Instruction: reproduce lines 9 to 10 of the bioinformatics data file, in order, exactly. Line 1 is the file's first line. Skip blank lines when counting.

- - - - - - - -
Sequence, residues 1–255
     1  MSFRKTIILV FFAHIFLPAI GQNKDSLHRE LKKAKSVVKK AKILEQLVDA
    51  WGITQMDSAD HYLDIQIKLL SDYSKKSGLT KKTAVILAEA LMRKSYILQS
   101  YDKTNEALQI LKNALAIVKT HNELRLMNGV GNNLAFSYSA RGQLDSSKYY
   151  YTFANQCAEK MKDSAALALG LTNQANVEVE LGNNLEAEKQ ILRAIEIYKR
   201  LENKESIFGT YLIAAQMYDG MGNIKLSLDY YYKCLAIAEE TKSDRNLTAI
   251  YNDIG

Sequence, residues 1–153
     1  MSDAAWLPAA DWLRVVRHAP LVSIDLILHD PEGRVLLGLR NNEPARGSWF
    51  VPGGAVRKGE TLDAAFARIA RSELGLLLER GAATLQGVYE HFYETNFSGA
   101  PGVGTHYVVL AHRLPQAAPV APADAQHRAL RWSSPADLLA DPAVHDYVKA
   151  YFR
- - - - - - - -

     1  MSDAAWLPAA DWLRVVRHAP LVSIDLILHD PEGRVLLGLR NNEPARGSWF
    51  VPGGAVRKGE TLDAAFARIA RSELGLLLER GAATLQGVYE HFYETNFSGA